What does it take to be human?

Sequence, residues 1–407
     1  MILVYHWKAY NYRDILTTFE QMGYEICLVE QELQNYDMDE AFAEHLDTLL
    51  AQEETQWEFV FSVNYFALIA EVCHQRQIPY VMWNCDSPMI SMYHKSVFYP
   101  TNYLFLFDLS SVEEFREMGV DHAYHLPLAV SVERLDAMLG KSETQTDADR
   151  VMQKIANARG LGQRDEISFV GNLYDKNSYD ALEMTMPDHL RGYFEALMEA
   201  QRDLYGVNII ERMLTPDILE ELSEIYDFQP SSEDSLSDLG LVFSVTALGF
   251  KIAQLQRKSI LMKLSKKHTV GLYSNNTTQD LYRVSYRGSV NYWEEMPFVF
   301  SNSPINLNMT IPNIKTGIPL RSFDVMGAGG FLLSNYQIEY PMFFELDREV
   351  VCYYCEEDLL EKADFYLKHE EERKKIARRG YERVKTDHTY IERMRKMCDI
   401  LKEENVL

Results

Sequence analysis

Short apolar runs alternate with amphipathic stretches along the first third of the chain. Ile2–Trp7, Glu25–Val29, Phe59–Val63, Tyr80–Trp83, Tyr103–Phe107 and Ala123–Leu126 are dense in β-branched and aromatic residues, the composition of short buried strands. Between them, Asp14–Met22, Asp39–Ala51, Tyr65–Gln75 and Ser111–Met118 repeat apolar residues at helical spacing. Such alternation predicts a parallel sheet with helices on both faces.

What does it take to be human? Occasionally a question comes out to my mind-Are we human just because of the unique traits and attributes not shared with animal or machine? If I follow the definition of “human” , it is circular: we are human by virtue of the properties that make us human (i.e., distinct us from the animal and the machine). Clearly this is a definition by negation: that which separates us from animal and machine is our “human-ness”. However, inevitably, we are human because we are not animal, nor machine. Such thinking has been rendered progressively, less tenable by the advent of evolutionary and neo-evolutionary theories, which postulate a continuum in nature between animals and Man. Our uniqueness is partly quantitative, partly qualitative. Many animals are capable of both – cognitively manipulating symbols and using tools, but few are as adept at it as we are. These are easily quantifiable differences – just two of many. Qualitative differences are a lot more complex to substantiate. In the absence of the privileged access to the animal mind, we cannot and do not know if animals feel guilt, for instance. Do animals feel love? Do they have a concept of sin? What about object of permanence, meaning, reasoning, self-awareness, critical thinking, individuality, emotions, or empathy? Is artificial intelligence (AI) an oxymoron, being restricted in particular path of knowledge? In this sense, a machine that passes the Turing Test may well be described as “human” – but is it really in practice? And if it is not – why it isn’t? World literature is full of stories of monsters – Frankenstein, the Golem – and androids or anthropoids, with their behavior described as more “humane” than the humans around them. Most probably, this is what really sets humans apart: their behavioral unpredictability! The unpredictability is yielded by the interaction between the mankind’s underlying immutable genetically-determined nature – and Man’s kaleidoscopically changing environments. The Constructivists claim that Human Nature is a mere cultural arte fact. Socio-biologists, are determinists, by believing that the human nature – being the inevitable and inexorable outcome of our bestial ancestry – cannot be the subject of moral judgment. One improved Turing Test would look for baffling and erratic patterns of mis-behavior to identify humans. Pico della Mirandola in “Oration on the Dignity of Man” wrote that Man was born without a form and can mould and transform – actually, create – himself at will. Existence precedes essence, claimed the Existentialists, centuries later. The things that are defining human characteristic may be our awareness of our mortality. In this sense, the automatically triggered, “fight or flight”, battle for survival is common to all living things (and to appropriately programmed machines). The catalytic effects of imminent death is uniquely human. The appreciation of the fleeting, translates into aesthetics. The uniqueness of our ephemeral life breeds morality, whereas the scarcity of time gives rise to ambition and creativity. In an infinite life, it comes out that everything materializes at one time or another, so the concept of choice is spurious. The realization of our finiteness, makes us choose among alternatives. This act of selection is predicated upon the existence of the “free will”. Animals and machines are thought to be devoid of choice, slaves to their genetic or human programming. However, all these answers to the question: “What does it mean to be human?” – are lacking and are being unanswered. The set of attributes we designate as humans, are subject to profound alteration. Drugs, neuroscience, introspection and experience cause irreversible changes in these traits and characteristics. The accumulation of these changes can lead, to the emergence of new properties, or to the abolition of old ones. It is worth emphasizing that the animals and the machines are not supposed to possess free will or to exercise it. What, about fusions of machines and humans (bionics)? At which point, does the human turn into a machine? And why should we assume that free will ceases to exist at that – rather arbitrary – point? Introspection being an ability to construct self-referential and recursive models of the world, is supposed to be a uniquely human quality. But how about introspective machines? Such machines are programmed to introspect as opposed to humans. In order to qualify as introspection, it must be WILLED, so that they continue. But, if introspection is willed – WHO wills it? Self-willed introspection leads to infinite regression and formal logical paradoxes. The notion, if not the formal concept, of being “human” rests on many hidden assumptions and conventions. Political correctness notwithstanding: why presume that men and women (or different races) are identically human? For example – Aristotle thought they were not. A lot separates males from females – genetically (both in genotype and in phenotype) and environmentally (culturally). What is common to these two sub-species that makes them both being “human”? In this sense another question rises – Can we conceive of a human without body (i.e., a Platonian Form, or soul)? Aristotle and Thomas Aquinas thought – no, as a soul has no existence separate from the body. A machine-supported energy field with mental states similar to ours today – would it be considered human? In this line is the question – What about someone in a state of coma – is he or she (or it) fully human? Further on – Is a new born baby human – or, at least, fully human – and, if so, in which sense? What about the future human race – whose features would be unrecognizable to us? Would it be thought of the machine-based intelligence as human? If yes, when would it be considered human? In all these deliberations, undoubtedly, we may be confusing “human” with “person” – but the former is a private case of the latter. Locke‘s person is a moral agent, that is being responsible for its actions, constituted by the continuity of its mental states accessible to introspection. Locke’s definition is functional. It readily accommodates non-human persons (machines, energy matrices) if the functional conditions are satisfied. An android which meets the prescribed requirements, is more human than a brain dead person. Descartes’ objection that one cannot specify conditions of singularity and identity over time for the disembodied souls is right only if we assume that such “souls” possess no energy. A bodiless intelligent energy represents the matrix which maintains its form and identity over time by being conceivable – certain AI and genetic software programs already do it. Strawson is Cartesian and Kantian in his definition of a “person” as a “primitive”, as both the corporeal predicates and those pertaining to mental states apply equally, simultaneously, and inseparably to all the individuals of that type of entity. Human beings are one such entity. Wiggins, limit the list of possible persons to animals – but this is far from rigorously necessary and is unduly restrictive. The truth is probably in a synthesis of all above said: In this sense, a person is any type of fundamental and irreducible entity whose typical physical individuals (i.e., members) are capable of continuously experiencing a range of states of consciousness and permanently having a list of psychological attributes. This definition allows for non-animal persons and it recognizes the personhood of a brain damaged human (“capable of experiencing”). It incorporates Locke’s view of humans as possessing an ontological status similar to “clubs” or “nations” – their personal identity consists of a variety of interconnected psychological continuities. One must always remember the virtues of the meanings of being human, explore and expand the horizons and educate him/herself further, as this is one of the crucial essence of being human. You can learn more at: Ravi Zacharias – What does it Mean to be Human? – The Veritas Forum